With a dose of political satire, some soaring team-up action grounded in character moments (Storm struggling with her power; Quicksilver’s daddy issues; Wolverine the reformed assassin), and a robust arc for Cyclops, Ultimate X-Men #4-6 is definitely an improvement over the preceding three issues. The “death” of Beast is a cheap storytelling ploy, and I am still skeezed out from Wolverine’s sexual liaison with Jean Grey, but Millar and the Kuberts end this first arc on a triumphant, if dark note albeit with some skeletons in the closet waiting to be brought out for the following “Return to Weapon X” storyline.
E Is For Extinction #2, without any real revelatory character work or struggles, ends up being one giant fight comic. Villalobos and colorist Ian Herring choreograph a brutal fight, no matter whether the fight is verbal or physical. The pettiness of both the good and bad guys makes this comic just a fight about egos which seems exciting but ends up being a bit empty because for all of the bluster, it’s not really fighting for anything other than being just another tie-in to an event that has a massive amount of tie-ins.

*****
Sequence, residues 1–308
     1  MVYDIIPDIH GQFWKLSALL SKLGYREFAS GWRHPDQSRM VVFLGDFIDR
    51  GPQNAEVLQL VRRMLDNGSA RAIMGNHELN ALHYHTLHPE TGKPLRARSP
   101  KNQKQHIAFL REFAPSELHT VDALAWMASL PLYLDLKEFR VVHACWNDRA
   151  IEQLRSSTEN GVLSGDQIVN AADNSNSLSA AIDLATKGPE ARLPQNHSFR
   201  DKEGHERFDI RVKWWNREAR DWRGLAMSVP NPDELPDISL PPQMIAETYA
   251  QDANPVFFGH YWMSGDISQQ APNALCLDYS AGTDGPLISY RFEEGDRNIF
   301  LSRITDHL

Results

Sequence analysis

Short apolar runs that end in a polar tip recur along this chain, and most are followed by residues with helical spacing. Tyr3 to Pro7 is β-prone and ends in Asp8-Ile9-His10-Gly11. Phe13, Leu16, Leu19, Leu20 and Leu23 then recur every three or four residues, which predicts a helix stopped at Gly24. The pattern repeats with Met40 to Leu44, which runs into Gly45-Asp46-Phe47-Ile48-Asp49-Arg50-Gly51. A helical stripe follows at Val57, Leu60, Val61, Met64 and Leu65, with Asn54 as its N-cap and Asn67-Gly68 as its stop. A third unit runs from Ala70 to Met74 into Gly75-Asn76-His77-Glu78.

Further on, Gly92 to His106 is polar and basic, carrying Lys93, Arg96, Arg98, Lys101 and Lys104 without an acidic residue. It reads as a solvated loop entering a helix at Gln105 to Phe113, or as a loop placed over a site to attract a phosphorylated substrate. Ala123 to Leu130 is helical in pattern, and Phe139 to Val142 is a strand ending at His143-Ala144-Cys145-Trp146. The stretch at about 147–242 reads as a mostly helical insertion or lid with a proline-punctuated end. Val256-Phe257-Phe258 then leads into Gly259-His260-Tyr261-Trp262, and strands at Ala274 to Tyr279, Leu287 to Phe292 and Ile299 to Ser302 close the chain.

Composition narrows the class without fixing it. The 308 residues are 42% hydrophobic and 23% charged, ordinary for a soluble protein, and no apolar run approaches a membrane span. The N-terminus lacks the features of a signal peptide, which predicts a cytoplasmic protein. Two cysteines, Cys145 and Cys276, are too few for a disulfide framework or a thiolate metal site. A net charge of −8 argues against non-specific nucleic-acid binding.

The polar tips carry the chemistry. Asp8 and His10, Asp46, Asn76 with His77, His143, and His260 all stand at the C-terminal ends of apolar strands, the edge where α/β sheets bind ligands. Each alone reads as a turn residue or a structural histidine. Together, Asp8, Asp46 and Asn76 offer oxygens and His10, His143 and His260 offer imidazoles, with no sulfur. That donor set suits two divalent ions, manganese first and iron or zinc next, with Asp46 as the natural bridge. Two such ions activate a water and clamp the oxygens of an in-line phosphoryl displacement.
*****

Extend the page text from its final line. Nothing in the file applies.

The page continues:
Mark Millar and Adam Kubert’s work on Ultimate X-Men #1-3 really is the blockbuster action take on the X-Men, but there is enough flashes of characterization, pretty layouts (Not so much those ugly leather costumes.), and clever twists like Wolverine being a bona fide villain and Colossus’ old crime boss supplying Magneto with a nuke. It’s not a particularly deep comic and scratches the surface of the idea of “post-humanism”, but Ultimate X-Men #1-3 is adequate popcorn entertainment, which led to it selling like hotcakes. (Ultimate X-Men #1 was the number one book in December 2000 with 117,085 copies, and issues 2 and 3 stayed in the top 3 with numbers around the 90,000 range.)
The Deadpool trailer and panel won the hearts and souls of San Diego Comic Con through a mix of rude, uproarious comedy; some hilarious in-jokes, and a real passion for the source material. Tim Miller, Rhett Reese, and Paul Wernick have integrated characters from all eras of Deadpool comics as well as dusted off some underrated X-Men characters, which weren’t really being used in that movie. If the actual film is as filled with comic anarchy as the trailer and panel, Deadpool could be a sleeper hit and bust the market wide open for more R-rated comic book films that aren’t dead serious, like Watchmen or V for Vendetta.